The damage ranges from minor in the southern areas -- which are expected to recover soon -- to very severe in the northern and most pristine reaches of the 2,300 kilometre (1,430 miles) site off Australia's east coast.

Ove Hoegh-Guldberg, from the Global Change Institute at the University of Queensland, who published a controversial study in 1999 forecasting such an event, said his predictions were now looking conservative.

"Reefs need time, around 15 years, to completely recover from a coral bleaching event of this magnitude," Hoegh-Guldberg said.

"Recovery rates are being overwhelmed by more frequent and severe mass coral bleaching."

Thanks for being here;
We need your help. The SpaceDaily news network continues to grow but revenues have never been harder to maintain.

With the rise of Ad Blockers, and Facebook - our traditional revenue sources via quality network advertising continues to decline. And unlike so many other news sites, we don't have a paywall - with those annoying usernames and passwords.

Our news coverage takes time and effort to publish 365 days a year.

If you find our news sites informative and useful then please consider becoming a regular supporter or for now make a one off contribution.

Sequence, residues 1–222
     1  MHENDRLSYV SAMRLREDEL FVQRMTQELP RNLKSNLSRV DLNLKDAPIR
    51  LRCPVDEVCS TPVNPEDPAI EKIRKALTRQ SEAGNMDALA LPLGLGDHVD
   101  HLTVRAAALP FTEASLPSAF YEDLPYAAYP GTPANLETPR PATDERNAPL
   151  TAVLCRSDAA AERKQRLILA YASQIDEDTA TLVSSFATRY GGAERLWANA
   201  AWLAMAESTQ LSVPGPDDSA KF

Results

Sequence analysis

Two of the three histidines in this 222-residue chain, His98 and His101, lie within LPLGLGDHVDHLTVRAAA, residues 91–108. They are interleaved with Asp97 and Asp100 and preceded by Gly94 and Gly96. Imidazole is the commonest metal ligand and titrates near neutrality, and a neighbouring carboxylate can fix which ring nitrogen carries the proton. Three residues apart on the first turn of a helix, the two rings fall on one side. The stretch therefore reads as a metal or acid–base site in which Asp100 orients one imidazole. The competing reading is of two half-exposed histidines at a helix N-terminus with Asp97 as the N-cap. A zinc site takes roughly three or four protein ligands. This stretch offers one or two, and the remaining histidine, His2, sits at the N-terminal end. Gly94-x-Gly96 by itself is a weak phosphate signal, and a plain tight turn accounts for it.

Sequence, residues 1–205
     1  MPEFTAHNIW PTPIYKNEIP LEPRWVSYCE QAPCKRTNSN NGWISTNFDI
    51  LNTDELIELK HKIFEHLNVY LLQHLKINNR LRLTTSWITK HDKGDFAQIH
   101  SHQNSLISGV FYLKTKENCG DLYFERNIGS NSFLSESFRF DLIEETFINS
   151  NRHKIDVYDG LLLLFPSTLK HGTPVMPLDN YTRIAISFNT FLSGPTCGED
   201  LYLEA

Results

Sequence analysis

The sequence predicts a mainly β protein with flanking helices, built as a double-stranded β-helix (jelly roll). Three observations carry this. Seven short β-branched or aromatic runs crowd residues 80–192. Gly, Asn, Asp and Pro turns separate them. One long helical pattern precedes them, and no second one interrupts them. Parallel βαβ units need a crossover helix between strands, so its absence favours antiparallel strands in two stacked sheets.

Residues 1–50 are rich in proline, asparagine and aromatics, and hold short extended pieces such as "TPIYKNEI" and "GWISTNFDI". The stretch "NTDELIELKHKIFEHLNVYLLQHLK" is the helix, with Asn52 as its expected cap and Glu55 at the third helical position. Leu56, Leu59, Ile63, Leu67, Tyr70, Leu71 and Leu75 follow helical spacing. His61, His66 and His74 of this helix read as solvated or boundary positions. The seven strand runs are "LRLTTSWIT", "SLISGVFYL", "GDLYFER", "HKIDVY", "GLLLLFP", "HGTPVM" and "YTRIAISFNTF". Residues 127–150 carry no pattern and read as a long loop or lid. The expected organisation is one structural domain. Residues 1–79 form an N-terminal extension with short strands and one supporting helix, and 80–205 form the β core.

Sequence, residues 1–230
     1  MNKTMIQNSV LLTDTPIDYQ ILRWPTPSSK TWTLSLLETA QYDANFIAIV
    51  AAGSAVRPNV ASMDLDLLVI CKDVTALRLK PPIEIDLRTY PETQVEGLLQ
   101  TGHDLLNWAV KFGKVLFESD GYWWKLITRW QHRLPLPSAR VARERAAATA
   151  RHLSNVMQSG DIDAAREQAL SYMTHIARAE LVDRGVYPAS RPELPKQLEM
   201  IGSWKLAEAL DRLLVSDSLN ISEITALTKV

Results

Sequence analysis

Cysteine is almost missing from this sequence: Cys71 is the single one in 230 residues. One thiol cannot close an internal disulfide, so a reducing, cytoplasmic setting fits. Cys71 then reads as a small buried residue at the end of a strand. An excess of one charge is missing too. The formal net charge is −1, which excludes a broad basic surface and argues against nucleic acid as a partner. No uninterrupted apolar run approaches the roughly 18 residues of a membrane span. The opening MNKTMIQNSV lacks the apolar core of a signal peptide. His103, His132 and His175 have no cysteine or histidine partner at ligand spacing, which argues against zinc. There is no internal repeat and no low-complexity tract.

SpaceDaily Contributor
$5 Billed Once

credit card or paypal
SpaceDaily Monthly Supporter
$5 Billed Monthly

paypal only


Related Links
Water News - Science, Technology and Politics

Comment on this article via your Facebook, Yahoo, AOL, Hotmail login.

Share this article via these popular social media networks DiggDigg RedditReddit GoogleGoogle

Previous Report
NASA helps mmonitor LA coastline
Pasadena CA (JPL) Apr 27, 2016
When a Los Angeles water treatment plant had to discharge treated water closer to shore than usual in the fall of 2015 due to repair work, NASA satellite observations helped scientists from the City of Los Angeles and local research institutions monitor the Santa Monica Bay for any impacts. For the city, it was an opportunity to assess the use of satellites in guiding a substantial monitoring ef ... read more

Workers feeling the heat as climate change slashes productivity: report

NY seeks to shield Ecuadorans from deportation after earthquake

BRICS to the rescue

Ukraine marks 30 years since Chernobyl shocked the world

Liquid spiral vortex discovered

New material combines useful, typically incompatible properties

Researchers coax molecules into assembling themselves

Antimatter helps to unveil the secrets of liquid crystals